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Prince Albert
Sunday, May 19, 2024
Home City Council Executive committee denies taxi rate increase, considers implementing surprise inspections

Executive committee denies taxi rate increase, considers implementing surprise inspections

Executive committee denies taxi rate increase, considers implementing surprise inspections
A Checker and Family Taxi waits for a customer outside of Gateway Mall in Prince Albert. -- Herald file photo.

The Mayor of Prince Albert has suggested surprise inspections and tracking of customer complaints in lieu of raising meter rates for cab companies in the city.

In November 2021, City Administration received a letter from Grey Cab Limited and Checker & Family Taxi asking for Council to review current taxi meter rates and encourage the City to raise the rates by 12 per cent to cover inflation and rising costs of living.

An almost year-long review was then undertaken to compare province-wide taxi rates by contacting a number of jurisdictions in Saskatchewan that provide cab services. A report was brought forward to the Executive Committee on Monday with Administration’s findings, where it was revealed that Prince Albert’s meter rates remain high when compared to other municipalities and with the requested increase, the city would be the highest in price for cab companies in the province.

City Staff recommended making no changes to the meter rates. Executive committee voted in favour of the recommendation.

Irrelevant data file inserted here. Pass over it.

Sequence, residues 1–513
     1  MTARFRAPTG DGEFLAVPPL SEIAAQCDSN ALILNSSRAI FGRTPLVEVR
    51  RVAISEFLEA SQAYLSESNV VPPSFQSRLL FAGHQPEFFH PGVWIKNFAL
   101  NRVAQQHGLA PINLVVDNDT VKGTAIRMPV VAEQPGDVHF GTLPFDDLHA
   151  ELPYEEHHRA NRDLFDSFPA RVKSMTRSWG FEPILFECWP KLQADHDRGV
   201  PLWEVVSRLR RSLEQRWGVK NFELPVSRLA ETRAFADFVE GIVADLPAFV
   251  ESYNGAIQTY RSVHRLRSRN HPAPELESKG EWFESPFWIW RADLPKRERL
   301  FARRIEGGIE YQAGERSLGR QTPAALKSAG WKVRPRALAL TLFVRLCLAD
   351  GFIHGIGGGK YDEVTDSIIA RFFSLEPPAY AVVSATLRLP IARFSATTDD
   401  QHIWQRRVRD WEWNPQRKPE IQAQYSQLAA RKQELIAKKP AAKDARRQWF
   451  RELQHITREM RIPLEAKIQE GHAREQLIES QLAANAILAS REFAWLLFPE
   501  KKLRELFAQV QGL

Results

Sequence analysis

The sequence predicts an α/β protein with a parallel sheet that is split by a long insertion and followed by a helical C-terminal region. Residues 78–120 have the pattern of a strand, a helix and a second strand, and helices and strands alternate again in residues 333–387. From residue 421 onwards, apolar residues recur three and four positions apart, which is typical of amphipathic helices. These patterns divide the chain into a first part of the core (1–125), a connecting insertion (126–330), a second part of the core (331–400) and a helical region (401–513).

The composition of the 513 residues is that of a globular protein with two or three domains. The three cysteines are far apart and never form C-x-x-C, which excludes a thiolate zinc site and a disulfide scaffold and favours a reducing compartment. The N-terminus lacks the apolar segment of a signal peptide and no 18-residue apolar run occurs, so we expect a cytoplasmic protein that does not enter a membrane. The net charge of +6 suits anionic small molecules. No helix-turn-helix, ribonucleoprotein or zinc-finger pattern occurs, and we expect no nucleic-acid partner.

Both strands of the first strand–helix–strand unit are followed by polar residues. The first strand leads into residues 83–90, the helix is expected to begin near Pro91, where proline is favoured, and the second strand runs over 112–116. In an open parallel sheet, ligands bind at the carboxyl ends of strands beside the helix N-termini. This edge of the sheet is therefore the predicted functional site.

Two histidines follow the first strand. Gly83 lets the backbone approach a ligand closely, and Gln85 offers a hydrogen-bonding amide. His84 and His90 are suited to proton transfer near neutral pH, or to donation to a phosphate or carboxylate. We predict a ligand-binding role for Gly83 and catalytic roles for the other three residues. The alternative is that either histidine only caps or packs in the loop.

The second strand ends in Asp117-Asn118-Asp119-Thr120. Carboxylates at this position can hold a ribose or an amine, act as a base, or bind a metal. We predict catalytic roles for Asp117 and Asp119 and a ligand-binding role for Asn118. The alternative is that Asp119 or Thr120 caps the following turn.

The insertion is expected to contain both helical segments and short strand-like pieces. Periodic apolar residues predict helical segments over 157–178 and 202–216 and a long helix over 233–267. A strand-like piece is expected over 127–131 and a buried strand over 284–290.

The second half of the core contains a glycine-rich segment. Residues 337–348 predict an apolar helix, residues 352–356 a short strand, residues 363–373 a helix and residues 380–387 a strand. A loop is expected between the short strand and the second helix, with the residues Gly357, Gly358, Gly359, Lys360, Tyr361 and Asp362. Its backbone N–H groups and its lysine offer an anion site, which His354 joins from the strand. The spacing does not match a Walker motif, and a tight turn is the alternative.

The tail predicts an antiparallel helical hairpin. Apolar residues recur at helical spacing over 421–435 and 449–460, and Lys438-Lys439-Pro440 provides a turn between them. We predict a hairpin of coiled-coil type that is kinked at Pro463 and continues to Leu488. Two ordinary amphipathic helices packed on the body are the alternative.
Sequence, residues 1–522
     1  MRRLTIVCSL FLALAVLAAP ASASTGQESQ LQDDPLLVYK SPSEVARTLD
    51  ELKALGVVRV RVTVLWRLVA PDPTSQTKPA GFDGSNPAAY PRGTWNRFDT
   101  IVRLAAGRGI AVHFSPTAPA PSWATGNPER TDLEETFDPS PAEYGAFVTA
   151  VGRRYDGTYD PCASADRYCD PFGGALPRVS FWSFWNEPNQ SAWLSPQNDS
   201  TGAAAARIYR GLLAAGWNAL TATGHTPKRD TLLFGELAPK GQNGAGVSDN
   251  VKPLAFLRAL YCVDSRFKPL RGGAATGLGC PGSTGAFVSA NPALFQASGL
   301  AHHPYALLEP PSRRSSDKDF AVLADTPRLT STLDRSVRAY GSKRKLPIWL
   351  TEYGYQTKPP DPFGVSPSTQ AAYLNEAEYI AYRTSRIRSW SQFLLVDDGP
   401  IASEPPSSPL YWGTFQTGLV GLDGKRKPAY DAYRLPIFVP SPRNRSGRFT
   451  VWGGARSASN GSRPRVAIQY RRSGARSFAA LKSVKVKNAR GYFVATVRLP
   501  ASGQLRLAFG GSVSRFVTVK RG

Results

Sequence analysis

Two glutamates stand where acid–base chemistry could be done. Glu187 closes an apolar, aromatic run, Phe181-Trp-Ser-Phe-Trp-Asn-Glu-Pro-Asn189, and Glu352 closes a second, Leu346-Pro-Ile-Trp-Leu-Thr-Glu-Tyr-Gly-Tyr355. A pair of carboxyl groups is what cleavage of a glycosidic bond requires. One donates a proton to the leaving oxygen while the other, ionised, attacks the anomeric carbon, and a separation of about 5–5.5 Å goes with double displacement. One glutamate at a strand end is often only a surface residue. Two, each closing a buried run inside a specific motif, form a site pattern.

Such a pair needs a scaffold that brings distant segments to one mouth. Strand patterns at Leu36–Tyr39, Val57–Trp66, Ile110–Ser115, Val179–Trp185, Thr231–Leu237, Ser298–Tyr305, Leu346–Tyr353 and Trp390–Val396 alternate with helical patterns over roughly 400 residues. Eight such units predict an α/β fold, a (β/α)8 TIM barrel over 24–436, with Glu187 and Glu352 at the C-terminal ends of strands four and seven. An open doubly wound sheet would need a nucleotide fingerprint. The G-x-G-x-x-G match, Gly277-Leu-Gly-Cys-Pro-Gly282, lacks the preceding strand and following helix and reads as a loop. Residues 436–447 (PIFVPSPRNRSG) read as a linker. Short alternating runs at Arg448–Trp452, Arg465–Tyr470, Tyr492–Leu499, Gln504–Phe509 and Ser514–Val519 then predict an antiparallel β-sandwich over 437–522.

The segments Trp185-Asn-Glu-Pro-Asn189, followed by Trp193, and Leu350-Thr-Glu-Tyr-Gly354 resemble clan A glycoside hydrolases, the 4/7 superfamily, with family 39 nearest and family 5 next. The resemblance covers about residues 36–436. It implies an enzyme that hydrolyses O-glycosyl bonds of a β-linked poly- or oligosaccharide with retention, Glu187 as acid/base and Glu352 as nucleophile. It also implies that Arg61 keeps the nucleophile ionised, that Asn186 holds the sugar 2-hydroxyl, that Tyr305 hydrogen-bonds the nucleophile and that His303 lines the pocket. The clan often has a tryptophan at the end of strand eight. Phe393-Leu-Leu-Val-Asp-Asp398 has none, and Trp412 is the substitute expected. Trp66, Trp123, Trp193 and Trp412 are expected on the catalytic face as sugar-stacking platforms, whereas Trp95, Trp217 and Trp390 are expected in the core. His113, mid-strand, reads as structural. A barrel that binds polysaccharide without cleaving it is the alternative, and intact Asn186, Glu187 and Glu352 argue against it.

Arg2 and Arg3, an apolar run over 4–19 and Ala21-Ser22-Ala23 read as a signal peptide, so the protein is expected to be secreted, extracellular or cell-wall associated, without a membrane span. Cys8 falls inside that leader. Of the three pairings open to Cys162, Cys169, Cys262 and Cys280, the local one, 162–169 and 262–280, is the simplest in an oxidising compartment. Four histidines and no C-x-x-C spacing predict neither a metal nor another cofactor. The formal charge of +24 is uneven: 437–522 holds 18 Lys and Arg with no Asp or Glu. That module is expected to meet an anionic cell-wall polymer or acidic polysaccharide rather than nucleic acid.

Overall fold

During discussion, Coun. Ted Zurakowski asked how often cabs are inspected by the City and what the next step is if inconsistencies are found.

Director of Planning and Development Craig Guidinger said since his department took over the licensing of taxis a year ago, a new process has been established regarding how cabs perform day-to-day and the standards in which drivers are held.

Guidinger said there have only been two inspections done since the takeover, one in the early spring and one in the late fall. The first inspection where drivers were required to show their licensing documents resulted in 12 taxis unable to pass and continue operations. The last inspection resulted in only four vehicles not passing the test for cleanliness.

Guidinger said the cab drivers are given a short period of time to resolve the issues and a subsequent inspection is then scheduled to get the taxis back on the road.

While the department currently does not do surprise inspections, Mayor Greg Dionne said his personal experiences over the last week with taxis in the city has him recommending a change to the current taxi bylaw to include them.

Dionne revealed that one of the cabs he recently rode in had used linoleum kitchen flooring as a temporary fix to the front of the vehicle.

“I’ve taken a cab twice this week and I don’t think either of them would have passed an inspection. I’m quite sure when they know another one is coming up and they correct those deficiencies,” he said. “It’s no different than when you own a franchise or you’re renting a house and you know I’m coming to inspect it on Thursday, it’s going to be clean.”

He also suggested a change to the taxi bylaw to include a sticker on the front and inside the taxi vehicles for customer complaints.

“We need to be tracking those complaints, we don’t know how many there are and that could be a concern,” he said. “That might support us doing surprise inspections if we get complaints about how filthy some of the cabs are.”